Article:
By Carol Vaughn —
The community celebrated the opening of the Davis Center in Whitesville with a ribbon-cutting ceremony and open house Monday.
Family members of the late Willie “Bill” Davis Sr., who operated a pool hall in the building, organized the event, after they announced plans a year ago to refurbish the 1960s-era brick building, which was left to them upon Davis’ death, for use as a community center.
Since then, the structure has undergone a stunning transformation.
Inside the Davis Center, there is Wi-Fi, a library, games, computer workstations, study areas, a snack station, and a conference room — all intended to provide needed resources to the community and a safe place for young people and adults to gather.
“When we came in 2018 and looked at it, it was covered with vines,” said Nzinga Henderson, one of Davis’ granddaughters, who led a tour of the building.
Still, an engineer said the structure was sound, making it a good candidate for renovation.
“This building was still standing for a reason,” Henderson said.
Henderson, along with Aya and Ola Ofunniyin and their mother, Doreen Simmons, participated in Monday’s celebration.
“We are so proud and excited and energized to show you all all the progress and what this center is going to be for this community — a community that has long been forgotten — but we are here to revive it, restore it, bring back the energy that once was,” said Ola Ofunniyin, before cutting a ribbon to ceremonially open the center.
She noted Whitesville has produced doctors, lawyers, Naval senior officers, and business owners, among other community leaders.
“We come from these streets and so it’s time for us to have a new energy to change this block, to change the view of Whitesville — and that is what the Davis Center is here to do,” Ofunniyin said.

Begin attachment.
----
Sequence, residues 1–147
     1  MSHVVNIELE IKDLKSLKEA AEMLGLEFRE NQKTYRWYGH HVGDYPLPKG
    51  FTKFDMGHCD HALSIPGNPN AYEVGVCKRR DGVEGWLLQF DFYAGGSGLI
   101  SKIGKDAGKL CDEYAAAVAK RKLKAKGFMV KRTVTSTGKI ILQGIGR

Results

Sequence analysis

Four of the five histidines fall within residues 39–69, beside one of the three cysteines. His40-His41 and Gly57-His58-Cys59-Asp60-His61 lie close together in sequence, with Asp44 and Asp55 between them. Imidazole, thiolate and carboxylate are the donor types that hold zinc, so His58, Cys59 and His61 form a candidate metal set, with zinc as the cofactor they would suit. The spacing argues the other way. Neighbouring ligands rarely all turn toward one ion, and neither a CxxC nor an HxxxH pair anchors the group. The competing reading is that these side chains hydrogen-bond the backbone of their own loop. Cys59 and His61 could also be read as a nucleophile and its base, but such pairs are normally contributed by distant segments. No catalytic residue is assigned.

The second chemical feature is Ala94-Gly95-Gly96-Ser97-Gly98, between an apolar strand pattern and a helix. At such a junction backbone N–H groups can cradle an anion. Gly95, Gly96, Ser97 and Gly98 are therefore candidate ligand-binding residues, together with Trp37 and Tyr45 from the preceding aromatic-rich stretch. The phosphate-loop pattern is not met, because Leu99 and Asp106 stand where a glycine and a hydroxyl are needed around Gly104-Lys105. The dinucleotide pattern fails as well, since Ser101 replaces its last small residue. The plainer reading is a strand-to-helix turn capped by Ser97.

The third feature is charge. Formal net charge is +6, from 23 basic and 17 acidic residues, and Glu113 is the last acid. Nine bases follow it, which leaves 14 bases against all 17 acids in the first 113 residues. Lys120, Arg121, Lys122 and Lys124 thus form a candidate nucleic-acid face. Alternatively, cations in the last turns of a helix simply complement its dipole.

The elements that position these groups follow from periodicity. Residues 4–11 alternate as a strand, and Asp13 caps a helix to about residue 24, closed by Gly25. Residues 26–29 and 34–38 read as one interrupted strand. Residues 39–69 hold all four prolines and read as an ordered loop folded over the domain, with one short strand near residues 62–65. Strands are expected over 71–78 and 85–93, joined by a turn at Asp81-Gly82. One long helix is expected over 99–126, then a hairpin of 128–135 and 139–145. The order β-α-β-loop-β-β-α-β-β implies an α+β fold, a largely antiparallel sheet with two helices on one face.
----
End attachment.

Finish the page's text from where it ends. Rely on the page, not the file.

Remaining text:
Whitesville, population around 210, is just south of Parksley. Likely named after Harry White, an early landowner, the community was developed by Lizzie Chadbourne after she purchased 50 acres, according to a Parksley walking tour booklet published by the Eastern Shore Public Library.
When Parksley was incorporated in 1904, the town limits did not include the Black community of Whitesville.
Whitesville at one time was a central location where Black Eastern Shore residents came for services and entertainment.
It had a Rosenwald elementary school, built in 1925, which operated until 1964. The building now is the meeting place for the International Brotherhood of Yahshua’s Disciples, according to the booklet.
Whitesville also was home to a movie theater, a grocery store, restaurants, a dance hall, Davis’ pool hall, and more, including Adams United Methodist Church, which is still active.
The ribbon cutting ceremony Monday was followed by a week-long series of special events at the center, including a business startup event, an event focused on financial planning for teens, a painting and music event, and a family movie night Friday, Oct. 15 — doors open at 6 p.m. and the movie starts at 7 p.m. — and a Small Business Saturday event Oct. 16 at 1 p.m. Events are free, but registration is required for the Saturday event. Register at https://www.eventbrite.com/e/177419054167
The Davis Center will be open seven days a week, from 1 to 7 p.m., according to Henderson.
“We’re going to do whatever it takes to keep the doors open,” said Henderson.
The Davis Center is at 23531 Parks St.
The mailing address is P.O. Box 463, Parksley, VA 23421.
The website is http://www.daviscenteresva.org/
Email: [email protected]
The Davis Center welcomes volunteers and donations, including books and board games.